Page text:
FRIDAY, OCTOBER 15 TULA’S, 7:30PM
The Kora Band
$15 general, $13 members/seniors, $10 students Call 206-443-4221 for reservations.
The art of playing the kora, a 21-string harp that originated with the Mandinka people of Western Africa and is made out of a gourd, has been passed down for generations amongst the Jeli, musicians who act as historians, teachers, and philosophers in countries such as The Gambia, Guinea, Senegal and Burkina Faso. Today, the instrument has gained a greater degree of attention around the world, mainly due to the extensive touring done by Jeli such as Mali’s Toumani Diabaté. Kane Mathis, who plays the kora in Portland-based jazz pianist Andrew Oliver’s Kora Band, alongside trumpeter Chad McCullough, bassist Brady Millard-Kish, and drummer Mark DiFlorio, could perhaps be considered a Jeli in a new, international sense of the term. The Kora Band performs originals and arrangements of traditional and modern West African tunes.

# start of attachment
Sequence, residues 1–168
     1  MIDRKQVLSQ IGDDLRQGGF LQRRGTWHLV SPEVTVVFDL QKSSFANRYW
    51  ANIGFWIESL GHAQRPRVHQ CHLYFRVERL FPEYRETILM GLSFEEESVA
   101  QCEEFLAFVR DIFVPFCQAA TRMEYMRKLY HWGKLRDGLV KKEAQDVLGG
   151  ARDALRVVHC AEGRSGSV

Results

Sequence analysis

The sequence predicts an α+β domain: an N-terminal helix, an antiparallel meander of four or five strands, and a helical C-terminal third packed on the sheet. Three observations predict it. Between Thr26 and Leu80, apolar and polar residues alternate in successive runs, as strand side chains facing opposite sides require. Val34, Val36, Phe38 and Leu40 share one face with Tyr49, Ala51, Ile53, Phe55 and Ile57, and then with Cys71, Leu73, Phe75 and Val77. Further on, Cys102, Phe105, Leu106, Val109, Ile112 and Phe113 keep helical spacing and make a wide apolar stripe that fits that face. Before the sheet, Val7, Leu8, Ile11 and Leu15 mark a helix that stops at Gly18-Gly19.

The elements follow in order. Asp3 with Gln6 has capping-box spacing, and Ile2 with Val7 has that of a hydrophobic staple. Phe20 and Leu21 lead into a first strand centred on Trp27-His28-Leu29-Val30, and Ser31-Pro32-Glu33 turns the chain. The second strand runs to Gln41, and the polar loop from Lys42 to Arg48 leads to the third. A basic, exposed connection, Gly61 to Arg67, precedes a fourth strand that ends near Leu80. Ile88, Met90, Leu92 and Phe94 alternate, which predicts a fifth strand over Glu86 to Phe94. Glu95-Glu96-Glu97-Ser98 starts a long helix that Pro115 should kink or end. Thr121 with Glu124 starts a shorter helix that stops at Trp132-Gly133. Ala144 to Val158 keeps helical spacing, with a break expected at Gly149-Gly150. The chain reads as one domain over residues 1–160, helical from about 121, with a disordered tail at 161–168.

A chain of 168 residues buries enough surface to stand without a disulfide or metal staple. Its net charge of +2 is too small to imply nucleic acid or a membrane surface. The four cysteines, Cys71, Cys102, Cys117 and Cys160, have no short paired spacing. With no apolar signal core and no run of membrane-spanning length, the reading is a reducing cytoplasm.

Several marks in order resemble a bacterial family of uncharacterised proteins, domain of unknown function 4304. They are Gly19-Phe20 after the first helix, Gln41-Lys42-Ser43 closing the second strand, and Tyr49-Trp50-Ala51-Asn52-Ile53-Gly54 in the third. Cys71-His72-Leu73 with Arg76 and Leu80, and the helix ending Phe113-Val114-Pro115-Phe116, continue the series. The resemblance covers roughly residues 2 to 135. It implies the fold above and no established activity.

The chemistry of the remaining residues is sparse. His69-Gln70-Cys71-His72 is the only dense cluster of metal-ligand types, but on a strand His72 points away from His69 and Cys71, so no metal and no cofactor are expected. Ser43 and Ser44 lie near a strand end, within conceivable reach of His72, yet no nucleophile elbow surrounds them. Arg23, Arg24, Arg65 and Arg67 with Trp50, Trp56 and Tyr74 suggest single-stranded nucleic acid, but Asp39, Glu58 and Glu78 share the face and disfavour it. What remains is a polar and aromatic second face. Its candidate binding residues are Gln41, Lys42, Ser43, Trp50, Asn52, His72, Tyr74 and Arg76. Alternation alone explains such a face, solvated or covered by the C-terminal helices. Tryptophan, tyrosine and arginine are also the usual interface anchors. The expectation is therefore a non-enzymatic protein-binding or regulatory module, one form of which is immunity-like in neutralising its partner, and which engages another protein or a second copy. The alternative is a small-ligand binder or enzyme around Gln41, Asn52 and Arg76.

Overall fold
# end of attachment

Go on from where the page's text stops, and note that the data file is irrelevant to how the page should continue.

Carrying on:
As the instrument’s reputation has spread to different lands it is no surprise that non-Africans have taken up the task of using it for communicating to their native countries (Mathis is far from being the first to do so, in the United States or elsewhere). The kora is by nature a very agile instrument; its flexible touch is practically made for grafting onto unexplored musical regions.
The Kora Band puts its namesake in an entirely new context that highlights the instrument’s character in a way that hasn’t been done previously, providing energetic, charged rhythms and melodies for Mathis to fly over. An idea that could have turned out as a gimmick instead sounds like a meaningful dialogue between forms of music that come from vastly different cultures. The Kora Band’s sound is really made up of three parts: there are both the American and African folk forms, but there is also the original style that is born out of their synthesis.